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May 16, 2009
News - Enginursday: Troubleshoot…
about 11 months ago
I thought you were going to say that it faulted when someone walked across the metal box that did the flipping.
Once I was sent out on a service call for a large steel slitting machine, similar to the paper machine you described above. It would unroll thin gauge steel, slit it into strips of various widths, then roll it back up. So the layout of a typical machine is that there is a station that the roll is placed on to be unwound. It has a brake to put a little back pressure on the steel. Then there is the slitting arbors, they are driven with a large industrial motor. The ones I worked on were typically DC motors. The steel then went down into a looping pit, then through a tension station, then on the the rewind, (also DC).The looping pit is required because believe it or not, coils of thin steel that are rolled up do not have the same thickness all the way across the roll. Before it is slit into strips, this isn’t a problem. Once they are slit, the small differences in thickness cause the rolls that are thicker to make a larger diameter roll, causing those to get tight, and the thinner ones to get loose. The looping pit takes up the difference in the diameter of the rewound rolls. But, if the coil is very thin and long, the loops can get so different in lengths that the ones are tight, and the others are scraping the floor of the pit. If that happens, they have to stop, cut some off to even them up, and then go again. Google “Steel Slitter” for pictures.
This particular machine had an extra section. It was called an infeed. It was powered, and it fed the material into a loop ahead of the slitter head. I think this was for thin material. Since it is before the slitter head, the steel is all still in one piece. There was an ultrasonic sensor aimed down at this primary pit to adjust the speed of the infeed section to keep a stable loop depth. Ultrasonics don’t work on the loop after the slitter head, too many strips to watch.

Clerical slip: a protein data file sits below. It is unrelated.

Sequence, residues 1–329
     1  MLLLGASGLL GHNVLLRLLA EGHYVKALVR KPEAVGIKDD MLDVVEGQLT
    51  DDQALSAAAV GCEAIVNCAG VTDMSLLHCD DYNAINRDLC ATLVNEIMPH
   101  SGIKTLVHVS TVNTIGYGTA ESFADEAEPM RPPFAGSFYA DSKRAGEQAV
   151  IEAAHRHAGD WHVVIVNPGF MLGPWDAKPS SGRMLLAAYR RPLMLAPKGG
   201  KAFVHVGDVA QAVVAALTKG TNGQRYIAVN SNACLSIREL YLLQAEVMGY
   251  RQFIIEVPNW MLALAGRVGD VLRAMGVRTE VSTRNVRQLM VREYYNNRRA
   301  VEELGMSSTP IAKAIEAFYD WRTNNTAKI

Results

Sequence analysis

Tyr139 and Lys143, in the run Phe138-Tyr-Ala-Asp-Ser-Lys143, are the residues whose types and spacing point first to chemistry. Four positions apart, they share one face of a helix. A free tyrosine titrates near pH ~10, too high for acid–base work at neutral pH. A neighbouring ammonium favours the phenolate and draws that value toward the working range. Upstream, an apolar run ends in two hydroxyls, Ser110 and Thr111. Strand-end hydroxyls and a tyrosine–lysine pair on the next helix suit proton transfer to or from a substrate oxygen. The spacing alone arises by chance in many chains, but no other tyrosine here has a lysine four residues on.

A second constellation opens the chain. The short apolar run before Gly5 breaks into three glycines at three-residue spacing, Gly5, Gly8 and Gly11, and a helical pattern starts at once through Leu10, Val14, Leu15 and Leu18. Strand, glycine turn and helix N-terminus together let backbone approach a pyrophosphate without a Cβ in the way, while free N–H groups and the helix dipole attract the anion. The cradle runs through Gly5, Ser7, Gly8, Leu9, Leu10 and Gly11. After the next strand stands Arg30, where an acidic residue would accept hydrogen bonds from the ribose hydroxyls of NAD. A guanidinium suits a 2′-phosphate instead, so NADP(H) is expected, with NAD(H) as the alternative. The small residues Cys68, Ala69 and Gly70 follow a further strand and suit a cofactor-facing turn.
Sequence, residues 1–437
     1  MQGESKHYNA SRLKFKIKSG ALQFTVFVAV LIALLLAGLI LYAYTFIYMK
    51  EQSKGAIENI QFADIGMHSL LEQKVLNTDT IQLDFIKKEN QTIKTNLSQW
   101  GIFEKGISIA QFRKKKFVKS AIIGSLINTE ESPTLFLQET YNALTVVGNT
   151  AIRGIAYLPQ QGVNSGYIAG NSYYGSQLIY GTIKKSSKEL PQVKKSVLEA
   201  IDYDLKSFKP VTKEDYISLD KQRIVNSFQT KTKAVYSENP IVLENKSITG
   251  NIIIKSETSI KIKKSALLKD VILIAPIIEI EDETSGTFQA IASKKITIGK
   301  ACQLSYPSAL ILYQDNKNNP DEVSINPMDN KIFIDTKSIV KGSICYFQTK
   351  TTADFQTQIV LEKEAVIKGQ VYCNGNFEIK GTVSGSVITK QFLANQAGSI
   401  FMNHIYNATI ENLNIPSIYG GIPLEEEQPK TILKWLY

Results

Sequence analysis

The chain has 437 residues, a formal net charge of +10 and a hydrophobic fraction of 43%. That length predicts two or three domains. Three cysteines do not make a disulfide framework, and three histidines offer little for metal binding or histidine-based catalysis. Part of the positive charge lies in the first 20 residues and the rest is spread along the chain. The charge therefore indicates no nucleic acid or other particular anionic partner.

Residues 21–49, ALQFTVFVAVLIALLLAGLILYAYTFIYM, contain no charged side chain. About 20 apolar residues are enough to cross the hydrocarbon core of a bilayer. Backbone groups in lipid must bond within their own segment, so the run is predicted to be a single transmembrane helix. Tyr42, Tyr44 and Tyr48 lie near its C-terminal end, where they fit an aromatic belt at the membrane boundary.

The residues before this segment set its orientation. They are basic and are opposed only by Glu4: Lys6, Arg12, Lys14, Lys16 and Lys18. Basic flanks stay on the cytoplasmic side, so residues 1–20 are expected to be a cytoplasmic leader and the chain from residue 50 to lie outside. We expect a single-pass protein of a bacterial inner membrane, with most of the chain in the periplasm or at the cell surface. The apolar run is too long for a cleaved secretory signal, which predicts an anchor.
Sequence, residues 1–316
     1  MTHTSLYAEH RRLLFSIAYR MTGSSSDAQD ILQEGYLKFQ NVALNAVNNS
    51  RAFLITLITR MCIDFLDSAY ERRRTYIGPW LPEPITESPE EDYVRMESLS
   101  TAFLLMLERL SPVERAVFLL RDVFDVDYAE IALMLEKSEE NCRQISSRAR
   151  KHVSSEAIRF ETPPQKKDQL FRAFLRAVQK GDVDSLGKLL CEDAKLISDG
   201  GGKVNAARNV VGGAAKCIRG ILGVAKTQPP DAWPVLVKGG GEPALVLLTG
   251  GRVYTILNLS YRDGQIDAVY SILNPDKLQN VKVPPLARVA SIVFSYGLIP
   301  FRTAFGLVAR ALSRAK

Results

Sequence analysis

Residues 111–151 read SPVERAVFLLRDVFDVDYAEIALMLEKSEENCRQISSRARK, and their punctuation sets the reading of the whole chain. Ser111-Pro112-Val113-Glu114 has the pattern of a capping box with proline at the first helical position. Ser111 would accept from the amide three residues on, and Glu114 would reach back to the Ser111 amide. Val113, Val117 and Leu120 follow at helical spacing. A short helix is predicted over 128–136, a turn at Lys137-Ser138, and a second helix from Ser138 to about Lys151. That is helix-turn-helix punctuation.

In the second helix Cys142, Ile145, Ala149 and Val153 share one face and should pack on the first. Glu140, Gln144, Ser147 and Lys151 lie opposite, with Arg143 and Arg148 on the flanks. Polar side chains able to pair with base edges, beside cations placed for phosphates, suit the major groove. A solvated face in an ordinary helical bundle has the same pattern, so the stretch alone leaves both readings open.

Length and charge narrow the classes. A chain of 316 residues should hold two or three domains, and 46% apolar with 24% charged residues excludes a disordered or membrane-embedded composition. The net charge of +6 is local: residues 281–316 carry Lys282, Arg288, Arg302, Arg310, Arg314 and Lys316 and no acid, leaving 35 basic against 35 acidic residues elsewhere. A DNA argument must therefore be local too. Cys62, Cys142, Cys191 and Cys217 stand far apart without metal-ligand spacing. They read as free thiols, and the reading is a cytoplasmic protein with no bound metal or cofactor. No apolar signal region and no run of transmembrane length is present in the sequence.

I was told the Ultrasonic sensor was messed up. I was also told I was the third technician to come and try to fix it. While the line was running, this loop would randomly come up to tightline, which leaves a mark on the material when the slitter heads slip on the steel. So I set myself to watch the machine and see it happen.
I noticed that when the operator saw that the loop after the slitter head got too deep, he would adjust the speed of the slitter down so that the slit set of loops could get shallower. Slowing down the slitter makes the primary loop get deeper, so the ultrasonic sensor would see the deeper loop, and slow down the infeed to make that primary loop get a little shallower. At that point I noticed that an extra loop would form in the material between the unwinder and the infeed. Mind you, the unwinder has a brake to keep tension between it and the infeed. This caused the unwind roll to actually stop, because it was no longer being pulled. Then the primary loop would get too shallow, and the ultrasonic sensor would command the infeed to speed up. So it sped up, taking up the slack that it had created in the extra unintentional loop between the uncoiler and the infeed. When it got tight again, it would “snap”, as the tons of steel sitting on the uncoiler has a lot of inertia, and does not start rolling instantly. When it “snapped” however, the infeed would lose grip on the steel, (it’s oily). Since it lost grip, the loop primary loop would continue to get shallower, and the ultrasonic would command more speed from the infeed to try and get the loop deeper. But after traction was lost, it was all over. It was like car tires on ice. The rolls would just start slipping faster and faster, until the primary loop tightlined and marked that material.
So the ultrasonic sensor was fine, it was the fact that there was not enough brake tension on the unwinder to prevent it from coasting forward when the line slowed down. Easy fix. I showed the operator and the maintenance personnel the problem, and told them to crank up the brake on the unwinder, (a normal operator control). I was told they couldn’t do that because then the infeed would not be able to pull the material off the unwinder. It seemed that the rubber rolls on the infeed were worn out, and did not have enough traction.
I then said, “My work is done, you either need new rolls on the infeed, or get them resurfaced”.
Two other technicians had each spent an entire day there, on separate occasions, attempting to speed match the infeed and calibrate the ultrasonic sensor. They even turned up the amount of influence the ultrasonic sensor had on the infeed speed, effectively making the problem worse.
Moral of the story? Sometimes you just have to sit back and look at the problem from the wider perspective to see the real problem.
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